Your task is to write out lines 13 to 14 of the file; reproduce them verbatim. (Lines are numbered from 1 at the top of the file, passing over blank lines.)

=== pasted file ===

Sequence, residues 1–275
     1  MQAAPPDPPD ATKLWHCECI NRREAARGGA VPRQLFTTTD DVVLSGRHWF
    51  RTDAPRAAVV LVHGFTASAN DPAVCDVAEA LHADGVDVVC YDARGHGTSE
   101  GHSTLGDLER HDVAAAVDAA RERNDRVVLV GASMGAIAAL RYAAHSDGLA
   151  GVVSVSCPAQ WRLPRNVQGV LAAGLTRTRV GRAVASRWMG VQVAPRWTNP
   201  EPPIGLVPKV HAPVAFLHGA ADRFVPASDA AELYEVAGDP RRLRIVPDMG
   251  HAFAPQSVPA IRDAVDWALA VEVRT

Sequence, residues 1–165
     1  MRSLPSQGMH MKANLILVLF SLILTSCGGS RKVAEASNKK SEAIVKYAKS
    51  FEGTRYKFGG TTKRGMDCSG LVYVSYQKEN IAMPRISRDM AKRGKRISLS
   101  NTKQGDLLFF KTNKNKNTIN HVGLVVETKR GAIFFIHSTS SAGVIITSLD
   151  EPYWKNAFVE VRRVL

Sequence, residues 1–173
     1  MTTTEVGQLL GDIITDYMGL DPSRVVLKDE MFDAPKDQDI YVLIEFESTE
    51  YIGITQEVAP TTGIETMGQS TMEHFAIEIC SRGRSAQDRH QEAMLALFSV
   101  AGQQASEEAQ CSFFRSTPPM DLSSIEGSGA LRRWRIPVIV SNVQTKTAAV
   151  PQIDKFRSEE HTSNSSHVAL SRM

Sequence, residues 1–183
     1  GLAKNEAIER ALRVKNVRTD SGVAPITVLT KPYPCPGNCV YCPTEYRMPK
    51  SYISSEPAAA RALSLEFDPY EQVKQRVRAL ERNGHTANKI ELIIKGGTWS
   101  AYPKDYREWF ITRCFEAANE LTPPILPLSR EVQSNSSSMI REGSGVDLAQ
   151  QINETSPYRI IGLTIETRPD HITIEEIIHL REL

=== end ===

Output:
Sequence, residues 1–173
     1  MTTTEVGQLL GDIITDYMGL DPSRVVLKDE MFDAPKDQDI YVLIEFESTE